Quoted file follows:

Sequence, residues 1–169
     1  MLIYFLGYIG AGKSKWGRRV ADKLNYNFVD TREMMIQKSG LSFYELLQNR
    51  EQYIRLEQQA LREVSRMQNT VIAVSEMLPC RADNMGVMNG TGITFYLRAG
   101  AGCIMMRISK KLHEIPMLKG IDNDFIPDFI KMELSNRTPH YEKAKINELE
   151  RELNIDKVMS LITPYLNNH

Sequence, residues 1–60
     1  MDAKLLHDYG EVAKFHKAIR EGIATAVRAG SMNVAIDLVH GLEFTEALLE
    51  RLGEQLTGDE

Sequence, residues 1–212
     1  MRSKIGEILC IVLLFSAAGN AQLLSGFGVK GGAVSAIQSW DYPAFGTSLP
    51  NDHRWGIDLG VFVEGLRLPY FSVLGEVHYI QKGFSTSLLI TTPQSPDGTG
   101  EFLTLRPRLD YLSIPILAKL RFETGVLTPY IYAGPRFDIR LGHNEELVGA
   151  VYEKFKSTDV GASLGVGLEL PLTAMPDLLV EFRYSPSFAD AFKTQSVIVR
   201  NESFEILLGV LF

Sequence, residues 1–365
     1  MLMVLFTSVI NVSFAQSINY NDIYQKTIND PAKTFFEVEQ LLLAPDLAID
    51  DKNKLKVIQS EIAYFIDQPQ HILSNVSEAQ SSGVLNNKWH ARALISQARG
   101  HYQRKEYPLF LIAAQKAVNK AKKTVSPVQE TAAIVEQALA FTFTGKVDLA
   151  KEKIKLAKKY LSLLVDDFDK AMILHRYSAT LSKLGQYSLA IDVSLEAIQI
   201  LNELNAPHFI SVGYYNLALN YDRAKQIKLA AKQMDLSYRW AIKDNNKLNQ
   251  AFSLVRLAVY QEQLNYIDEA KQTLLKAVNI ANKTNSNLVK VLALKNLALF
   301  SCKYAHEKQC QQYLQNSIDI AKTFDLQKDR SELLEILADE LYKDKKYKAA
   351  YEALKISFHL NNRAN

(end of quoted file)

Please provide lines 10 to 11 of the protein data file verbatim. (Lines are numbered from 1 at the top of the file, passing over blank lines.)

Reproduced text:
     1  MRSKIGEILC IVLLFSAAGN AQLLSGFGVK GGAVSAIQSW DYPAFGTSLP
    51  NDHRWGIDLG VFVEGLRLPY FSVLGEVHYI QKGFSTSLLI TTPQSPDGTG